Genetic susceptibility, HIV infection, and the kidney
ABSTRACT In recent years, the sequencing of mammalian and microbial genomes has provided the opportunity to study how genetic variation in the host and pathogen influence the course of infectious disease. In the case of HIV-1 infection, such studies have led to identification of key viral proteins that determine pathogenicity, immune evasion, or drug resistance. In addition, candidate gene association studies have uncovered a large number of host genetic variants that influence the outcome of infection and some organ-specific complications. HIV-associated nephropathy (HIVAN) is a pathologically distinct complication of HIV infection. Interindividual variability in incidence, skewed ethnic distribution, and familial aggregation of HIVAN with other forms of ESRD have suggested genetic susceptibility as a major contributing factor. This article reviews the host genetic factors that influence the course of HIV-1 infection and discusses murine models that have increased the understanding of HIVAN pathogenesis and demonstrated the role of genetic background on determination of disease.
Article: HIV and the kidney.[Show abstract] [Hide abstract]
ABSTRACT: Kidney disease is an important complication of HIV infection. Antiretroviral therapy has dramatically improved the life expectancy of HIV-infected patients with end-stage renal disease. Renal replacement therapy, including kidney transplantation, should be offered to HIV-positive patients.British journal of hospital medicine (London, England: 2005) 04/2008; 69(3):137-40. · 0.37 Impact Factor
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ABSTRACT: After half a century of success in combating infectious diseases with vaccination and antibiotics, emerging and reemerging epidemics present a new threat to human health. Meanwhile, the rapid pace of viral and microbial genomics research, largely based on the success of genomics technologies, offers new data-generating platforms and a revolutionary knowledge base for better understanding the diseases and the associated pathogens. Systematic molecular biology studies using genomics information and technologies have helped to elucidate mechanisms of virulence and pathogenicity, whereas genomics-based medical genetic studies have been used to better understand pathogen susceptibility. This progress may lead to the development of effective and safe vaccines in the future. Here we highlight the ongoing historical transition in the field of infectious disease research and clinical practice in the new era of genomics.Annual Review of Genomics and Human Genetics 10/2008; 9:21-48. DOI:10.1146/annurev.genom.9.081307.164428 · 9.13 Impact Factor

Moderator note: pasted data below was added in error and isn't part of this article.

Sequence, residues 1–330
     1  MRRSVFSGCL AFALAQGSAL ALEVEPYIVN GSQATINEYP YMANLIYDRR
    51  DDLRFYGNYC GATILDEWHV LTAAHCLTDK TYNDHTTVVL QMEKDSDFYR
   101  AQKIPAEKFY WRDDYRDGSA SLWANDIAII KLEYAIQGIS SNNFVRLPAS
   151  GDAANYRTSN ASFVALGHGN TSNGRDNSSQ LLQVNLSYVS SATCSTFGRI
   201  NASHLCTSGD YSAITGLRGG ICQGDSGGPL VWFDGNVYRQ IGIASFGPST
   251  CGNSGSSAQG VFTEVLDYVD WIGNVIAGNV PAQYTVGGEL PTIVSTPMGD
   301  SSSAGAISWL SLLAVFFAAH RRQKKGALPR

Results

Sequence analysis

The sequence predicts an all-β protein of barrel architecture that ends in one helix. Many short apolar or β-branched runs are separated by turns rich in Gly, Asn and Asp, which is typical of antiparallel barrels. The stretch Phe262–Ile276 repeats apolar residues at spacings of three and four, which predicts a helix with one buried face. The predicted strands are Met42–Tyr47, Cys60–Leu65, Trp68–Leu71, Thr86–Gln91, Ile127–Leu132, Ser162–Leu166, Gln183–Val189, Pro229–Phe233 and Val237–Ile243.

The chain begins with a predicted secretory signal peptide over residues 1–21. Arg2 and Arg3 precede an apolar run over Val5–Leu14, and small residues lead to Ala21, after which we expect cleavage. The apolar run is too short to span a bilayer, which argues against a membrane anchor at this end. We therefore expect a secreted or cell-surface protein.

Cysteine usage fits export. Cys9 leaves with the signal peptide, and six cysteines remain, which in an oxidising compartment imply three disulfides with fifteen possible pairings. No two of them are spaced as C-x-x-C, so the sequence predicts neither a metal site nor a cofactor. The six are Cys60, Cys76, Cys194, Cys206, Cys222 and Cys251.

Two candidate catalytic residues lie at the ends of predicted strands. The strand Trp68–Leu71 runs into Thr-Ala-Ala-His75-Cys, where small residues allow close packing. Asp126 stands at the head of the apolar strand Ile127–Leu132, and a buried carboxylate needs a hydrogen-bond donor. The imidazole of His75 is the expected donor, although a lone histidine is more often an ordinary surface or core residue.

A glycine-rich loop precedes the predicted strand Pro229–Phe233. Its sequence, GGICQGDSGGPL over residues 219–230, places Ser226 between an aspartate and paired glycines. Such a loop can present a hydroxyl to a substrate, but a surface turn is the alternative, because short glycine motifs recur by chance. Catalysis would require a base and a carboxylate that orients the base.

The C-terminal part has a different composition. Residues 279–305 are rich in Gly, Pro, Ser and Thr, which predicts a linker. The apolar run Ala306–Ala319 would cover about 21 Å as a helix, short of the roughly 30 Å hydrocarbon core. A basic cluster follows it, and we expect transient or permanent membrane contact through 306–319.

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ABSTRACT: Full length, eukaryotic proteins generally consist of several autonomously folding and functioning domains. Many of these domains are known to function by binding and/or modifying other partner proteins based on the recognition of a short, linear amino sequence contained within the target protein. This article reviews the many bioinformatic tools and resources which discover, define and catalogue the various, known protein domains as well as assist users by identifying domain signatures within proteins of interest. We also review the smaller subset of bioinformatic tools which catalogue and help identify the short linear motifs used for domain targeting. It has been suggested that these short, functional, peptide-sequence motifs are normally found in unstructured regions of the target. The role of protein structure in the activity of one representative of these short, functional motifs is explored through an examination of known structures deposited in the Protein Data Bank.Frontiers in Bioscience 02/2009; 14:1143-51. DOI:10.2741/3299 · 4.25 Impact Factor